Phillips 66 (NYSE:PSX) has done an exceptional job enriching its investors over the years. The refining company has generated a nearly 320% total return since its formation in 2012, obliterating the S&P 500's roughly 150% total return over that time frame. The company's ability to produce market-crushing returns is one of the reasons Warren Buffett owns shares.

The company continued to increase shareholder wealth during the third quarter. Overall, it generated $1.7 billion in cash from operations, which allowed it to return $841 million to its investors via dividends and share repurchases. Here's a look at what was behind the refining company's ability to produce another gusher of cash last quarter.

Drilling down into Phillips 66's third-quarter numbers


Q3 2019

Q3 2018

Q2 2019

Adjusted pre-tax Income

$1.9 billion

$2.0 billion

$1.8 billion

Adjusted earnings

$1.4 billion

$1.5 billion

$1.4 billion

Adjusted earnings per share




Cash from operations

$1.7 billion

$582 million

$1.9 billion

Data source: Phillips 66.

Phillips 66 delivered solid third-quarter results. One of the highlights was the increase in adjusted earnings per share, which came even as total adjusted earnings declined. That's due entirely to the company's share repurchase program. Overall, the company bought back another $439 million in shares during the quarter, reducing its total share count to 444 million -- a remarkable 33% less than the initial tally when the company formed in 2012.

Phillips 66 was able to generate and return cash to shareholders in the third quarter thanks in no small part to its diversified operations:

Phillips 66's adjusted pre-tax income by segment in the second and third quarters of 2019.

Data source: Phillips 66. Chart by author.

The highlight during the third quarter was the company's marketing and specialties segment, where adjusted pre-tax income surged 41%. The primary driver was higher margin thanks to favorable market conditions. That enabled the company to export 220,000 barrels of refined products per day, up 16%.

The company's midstream operations also delivered solid results in the quarter as its adjusted pre-tax income rose 4%. The main driver was its natural gas liquids (NGLs) business, where earnings rose 18% thanks to its butane and propane trading activities. That helped offset weaker results from its investment in MLP DCP Midstream.

The strength of those two businesses helped offset some weakness in both chemicals and refining. The chemicals business, which is part of a 50-50 joint venture with oil giant Chevron, reported a 2% decline in earnings because of lower margins. Higher maintenance expenses and lower gasoline margins in the central region of the country caused the profitability of Phillips 66's refining business to slump about 15%.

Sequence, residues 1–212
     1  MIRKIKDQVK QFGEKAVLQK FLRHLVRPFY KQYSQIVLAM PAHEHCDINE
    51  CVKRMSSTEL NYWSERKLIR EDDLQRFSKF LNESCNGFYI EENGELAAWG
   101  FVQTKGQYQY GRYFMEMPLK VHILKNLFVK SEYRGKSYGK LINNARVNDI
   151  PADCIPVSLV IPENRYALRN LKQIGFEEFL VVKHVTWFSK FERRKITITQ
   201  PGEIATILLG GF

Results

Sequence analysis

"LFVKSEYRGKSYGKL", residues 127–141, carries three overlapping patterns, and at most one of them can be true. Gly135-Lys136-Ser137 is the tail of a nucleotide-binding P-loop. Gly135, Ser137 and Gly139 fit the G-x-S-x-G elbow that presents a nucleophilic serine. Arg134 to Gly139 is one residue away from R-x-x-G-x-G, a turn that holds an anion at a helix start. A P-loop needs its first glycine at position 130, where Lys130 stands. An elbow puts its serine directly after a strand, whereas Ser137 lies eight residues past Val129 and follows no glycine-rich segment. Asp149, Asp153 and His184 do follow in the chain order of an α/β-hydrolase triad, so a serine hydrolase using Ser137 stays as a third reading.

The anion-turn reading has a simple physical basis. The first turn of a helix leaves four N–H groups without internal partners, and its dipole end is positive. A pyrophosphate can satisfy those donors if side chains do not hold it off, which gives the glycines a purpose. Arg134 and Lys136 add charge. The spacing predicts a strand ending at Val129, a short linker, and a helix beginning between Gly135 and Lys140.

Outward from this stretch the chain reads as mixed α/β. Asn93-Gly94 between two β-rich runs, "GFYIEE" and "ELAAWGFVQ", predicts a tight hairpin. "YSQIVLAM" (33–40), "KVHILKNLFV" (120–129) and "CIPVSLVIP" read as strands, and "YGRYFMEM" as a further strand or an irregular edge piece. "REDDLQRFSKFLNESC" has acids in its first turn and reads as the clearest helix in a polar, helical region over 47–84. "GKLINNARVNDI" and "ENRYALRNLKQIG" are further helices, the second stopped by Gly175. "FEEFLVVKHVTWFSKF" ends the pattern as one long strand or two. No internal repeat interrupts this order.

A close-up of a stack of $100 bills.

Image source: Getty Images.

A look at what's ahead for Phillips 66

Diversification and continued operating strength give Phillips 66 confidence that it can continue producing cash. It recently announced a new $3 billion share repurchase program. That buyback, when combined with its dividend, will send more cash investors' way. Overall, the company has returned $25 billion to its shareholders since 2012.

Growth-focused investments also helped bolster the company's results. It invested $867 million in expansion projects during the quarter, which should help expand its cash flow in the future. The company has several notable projects under construction. First, it's building three more NGL processing facilities at its Sweeny Hub, which will enable it to keep cashing in on butane and propane. It's also constructing additional export capacity at its Beaumont Terminal to enhance its ability to capture favorable market conditions. Finally, it's building two new oil pipelines, which will generate stable cash flow as they transport oil from production basins to market centers.

As these and other projects come on line, they'll provide Phillips 66 with more cash flow, giving it the means to keep buying back stock, as well as increasing its dividend.

The refining stock's future remains bright

Phillips 66 continues to turn oil and NGLs into cash, which gives it the funds to enrich its investors, including Warren Buffett. With more cash-generating expansion projects under construction, the refining company plans to return even more money to investors. That should lead to continued strong total returns for its shareholders.

This article represents the opinion of the writer, who may disagree with the “official” recommendation position of a Motley Fool premium advisory service. We’re motley! Questioning an investing thesis -- even one of our own -- helps us all think critically about investing and make decisions that help us become smarter, happier, and richer.